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alittlebaker.com @jessicabose @littlebakerjess Jessica is a baker, blogger, and highly caffeinated barista with an affinity for exploring the grand outdoors, growing her own food, and making friends with the dogs of LA.

karolina-wiercigroch.com dine-dash.com dinedashcom Karolina is a Polish food stylist and photographer, currently based in London. She loves beautiful food, culinary travels, sauna and hot yoga.

coutellerie.pl @coutellerie.pl Marianna is an art historian by education, a food lover, chef and photographer by passion. Always thrilled to explore the person and story behind a meal. Born and raised in Warsaw, Poland, she is a traveler hungry for all kinds of local flavors.

beatrixfoods.com @beatrixfoodsmke Melanie Manuel is a vegan chef and owner of Beatrix Foods in Milwaukee, Wisconsin.

@mmack12 Rochester, NY transplant (soon moving to Boston for a bit!) in love with living a positive life. Can be found obsessing over her dog, sweating it out in a hot yoga class, or eating all the donuts she can find.

myberkeleykitchen.com @myberkeleykitchen Shahla writes, photographs and creates recipes with an allergy-friendly twist for her blog. She lives in Berkeley, CA with her two daughters and husband.

Elli Manoogian-O’Dell is a content creator based in the Pacific Northwest. She pursues storytelling projects that put her in contact with people who grow food, prepare food and eat food. She likes to participate in all three steps of the process.

figandblack.com @figandblack Emily is a biomedical engineer/exercise scientist and research coordinator, but loves writing young adult novels in her free time. Fig + Black - a blog dedicated to the minimalist lifestyle, all-natural vegan meals, mindfulness, design and the built environment, the natural world, and how she's creating her own space within it - is her newest project.

recordsintheden.com @recordsintheden Sharon is an immigration lawyer focusing on creatives and artists, business, and family-based immigration. In her spare time she is also the author of the recipe site Records in the Den. Sharon is from San Francisco, CA and is currently based in Athens, Greece.

serifandscript.co @serifandscript Cara is the editor-in-chief and cofounder of Chickpea. She does hand lettering, photography, and layout design for the magazine as well as for hire. She lives in Rochester, NY with her partner Bob and her three cats.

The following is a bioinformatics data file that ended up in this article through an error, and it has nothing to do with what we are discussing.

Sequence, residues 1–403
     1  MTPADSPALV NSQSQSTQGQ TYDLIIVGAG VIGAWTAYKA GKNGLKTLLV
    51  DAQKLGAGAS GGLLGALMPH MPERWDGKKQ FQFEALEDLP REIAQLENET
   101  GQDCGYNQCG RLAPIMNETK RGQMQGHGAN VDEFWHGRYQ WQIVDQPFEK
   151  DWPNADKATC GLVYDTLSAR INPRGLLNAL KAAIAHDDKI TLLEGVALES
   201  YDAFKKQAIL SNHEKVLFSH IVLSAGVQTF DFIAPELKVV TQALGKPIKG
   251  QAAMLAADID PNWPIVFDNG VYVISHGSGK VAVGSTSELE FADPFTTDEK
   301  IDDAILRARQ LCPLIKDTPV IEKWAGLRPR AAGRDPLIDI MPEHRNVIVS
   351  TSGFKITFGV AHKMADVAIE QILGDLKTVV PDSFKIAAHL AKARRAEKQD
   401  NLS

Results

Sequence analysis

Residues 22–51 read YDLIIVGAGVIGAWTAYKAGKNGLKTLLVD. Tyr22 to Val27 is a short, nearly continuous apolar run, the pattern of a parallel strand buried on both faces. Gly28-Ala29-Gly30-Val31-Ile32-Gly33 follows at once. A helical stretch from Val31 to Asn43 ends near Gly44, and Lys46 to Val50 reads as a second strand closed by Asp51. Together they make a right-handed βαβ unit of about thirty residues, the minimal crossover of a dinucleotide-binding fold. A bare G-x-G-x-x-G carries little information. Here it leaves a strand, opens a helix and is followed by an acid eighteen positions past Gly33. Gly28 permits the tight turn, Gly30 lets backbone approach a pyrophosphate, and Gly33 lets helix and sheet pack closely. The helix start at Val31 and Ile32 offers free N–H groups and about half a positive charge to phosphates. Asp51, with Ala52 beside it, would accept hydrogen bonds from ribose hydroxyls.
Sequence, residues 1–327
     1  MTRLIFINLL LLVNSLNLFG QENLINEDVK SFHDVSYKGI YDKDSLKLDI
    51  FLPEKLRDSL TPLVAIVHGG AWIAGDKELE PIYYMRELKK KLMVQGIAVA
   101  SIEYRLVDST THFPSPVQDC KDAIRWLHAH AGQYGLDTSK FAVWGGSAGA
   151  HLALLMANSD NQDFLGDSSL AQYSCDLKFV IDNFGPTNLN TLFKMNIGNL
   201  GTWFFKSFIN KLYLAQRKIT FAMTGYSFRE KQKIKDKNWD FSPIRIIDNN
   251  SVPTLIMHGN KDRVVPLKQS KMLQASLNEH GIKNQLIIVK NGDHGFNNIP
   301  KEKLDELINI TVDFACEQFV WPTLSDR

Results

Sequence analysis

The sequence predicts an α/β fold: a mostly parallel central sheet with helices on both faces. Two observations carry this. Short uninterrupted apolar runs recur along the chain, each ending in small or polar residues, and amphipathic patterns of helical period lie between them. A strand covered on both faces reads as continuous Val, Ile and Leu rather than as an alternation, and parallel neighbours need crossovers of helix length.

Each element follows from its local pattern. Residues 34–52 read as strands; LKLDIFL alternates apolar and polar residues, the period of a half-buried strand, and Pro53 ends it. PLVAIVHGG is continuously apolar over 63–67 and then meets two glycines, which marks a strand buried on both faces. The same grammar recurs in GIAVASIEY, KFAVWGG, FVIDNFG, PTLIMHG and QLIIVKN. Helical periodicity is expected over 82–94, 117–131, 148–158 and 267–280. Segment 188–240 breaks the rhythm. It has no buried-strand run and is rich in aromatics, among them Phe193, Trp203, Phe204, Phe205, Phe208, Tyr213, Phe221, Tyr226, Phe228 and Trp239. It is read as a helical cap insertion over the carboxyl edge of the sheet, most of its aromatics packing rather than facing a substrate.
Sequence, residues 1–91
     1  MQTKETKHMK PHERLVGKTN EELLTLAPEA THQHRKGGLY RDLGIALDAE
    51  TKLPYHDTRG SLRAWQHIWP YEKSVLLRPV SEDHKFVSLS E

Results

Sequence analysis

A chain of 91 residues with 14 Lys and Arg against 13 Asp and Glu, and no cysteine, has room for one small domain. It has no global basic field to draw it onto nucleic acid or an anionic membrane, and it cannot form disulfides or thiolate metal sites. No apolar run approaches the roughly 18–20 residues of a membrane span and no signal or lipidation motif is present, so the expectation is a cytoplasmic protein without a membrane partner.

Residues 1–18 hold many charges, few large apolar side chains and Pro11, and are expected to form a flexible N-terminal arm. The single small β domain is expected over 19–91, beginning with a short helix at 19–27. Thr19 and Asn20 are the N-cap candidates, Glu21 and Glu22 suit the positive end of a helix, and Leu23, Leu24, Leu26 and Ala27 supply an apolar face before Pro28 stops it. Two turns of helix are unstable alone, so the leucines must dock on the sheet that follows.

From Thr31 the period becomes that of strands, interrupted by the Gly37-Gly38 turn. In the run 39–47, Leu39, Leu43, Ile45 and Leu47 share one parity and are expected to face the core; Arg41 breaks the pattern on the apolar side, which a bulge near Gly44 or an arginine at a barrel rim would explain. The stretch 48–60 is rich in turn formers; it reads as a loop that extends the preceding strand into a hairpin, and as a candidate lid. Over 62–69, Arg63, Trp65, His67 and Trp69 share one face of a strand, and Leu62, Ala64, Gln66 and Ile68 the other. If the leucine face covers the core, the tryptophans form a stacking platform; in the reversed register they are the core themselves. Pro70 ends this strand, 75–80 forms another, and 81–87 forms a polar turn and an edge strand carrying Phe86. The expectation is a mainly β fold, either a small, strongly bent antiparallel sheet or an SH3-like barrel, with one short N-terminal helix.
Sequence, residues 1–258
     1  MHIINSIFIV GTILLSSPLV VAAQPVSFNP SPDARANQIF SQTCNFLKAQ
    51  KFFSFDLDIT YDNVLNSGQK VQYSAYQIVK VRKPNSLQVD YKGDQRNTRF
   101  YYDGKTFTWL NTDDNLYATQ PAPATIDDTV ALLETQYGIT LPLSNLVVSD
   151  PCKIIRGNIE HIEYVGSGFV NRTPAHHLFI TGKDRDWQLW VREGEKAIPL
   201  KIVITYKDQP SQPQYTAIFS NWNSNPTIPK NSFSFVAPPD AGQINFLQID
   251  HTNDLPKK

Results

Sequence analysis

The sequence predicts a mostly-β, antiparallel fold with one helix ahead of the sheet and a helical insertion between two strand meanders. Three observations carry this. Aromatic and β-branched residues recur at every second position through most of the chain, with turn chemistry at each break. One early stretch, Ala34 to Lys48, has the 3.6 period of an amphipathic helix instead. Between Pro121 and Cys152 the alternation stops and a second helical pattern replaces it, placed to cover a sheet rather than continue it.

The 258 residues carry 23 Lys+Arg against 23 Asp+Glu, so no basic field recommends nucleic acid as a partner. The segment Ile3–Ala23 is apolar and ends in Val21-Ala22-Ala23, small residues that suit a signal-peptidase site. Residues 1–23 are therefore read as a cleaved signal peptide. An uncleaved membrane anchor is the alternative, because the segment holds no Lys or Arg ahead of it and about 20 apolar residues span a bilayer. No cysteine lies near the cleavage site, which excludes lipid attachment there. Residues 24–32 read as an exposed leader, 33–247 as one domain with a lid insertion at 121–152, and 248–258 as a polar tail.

byellim.com @by.elli.m @by_elli_m

lyudmilazotova.com @lyudmilazotova Originally from Russia, Lyudmila is a freelance photographer living and working in Portland, OR. She is passionate about telling food culture stories through photos and written word.

experiments-in-bliss.com @experiments.in.bliss @exp_in_bliss Melanie is a wellness professional turned world traveler. She married her passions of wellness, ethical lifestyle, and consciousness/spiritual pursuits into a business which she aptly named Experiments In Bliss. She trots the globe sharing wit, wisdom, and inspiration via coaching sessions, tarot readings, and YouTube videos in the hopes of helping others to follow their own bliss.


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CHickpea magazine #24 international


words, photos & recipe by Sharon Brenner

I stepped off the plane into a crisp

untamable spirit, and is absolutely

the

soul.

wind and bright morning sun. From tarmac

I

could

see

the

snow-

topped mountains, their presence so

commanding that they seemed to have

burst from the earth and pierced the blue sky, establishing themselves as

an army of protectors of all that existed below. After a quick stop at the rental car counter, I settled

into the car, turned up the music, and took to the road. As the air

streamed in through the open window, I felt free.

Crete will do that to you. It will

make you free. Its spirit makes it hard not to connect with yourself

deep down, into your forgotten or undiscovered passions, even if you’re not aware that it is happening.

Crete is a wild and magical island with an enduring and palpable spirit.

The Minoans wisely figured this out sometime around 3000 BCE, cultivating their

entirely

civilization,

complete

sophisticated with

highly

developed agricultural and cultural

systems on this sun-filled spot of earth

resting in the southern Aegean Sea. From ancient times to the present, Crete maintains an independent and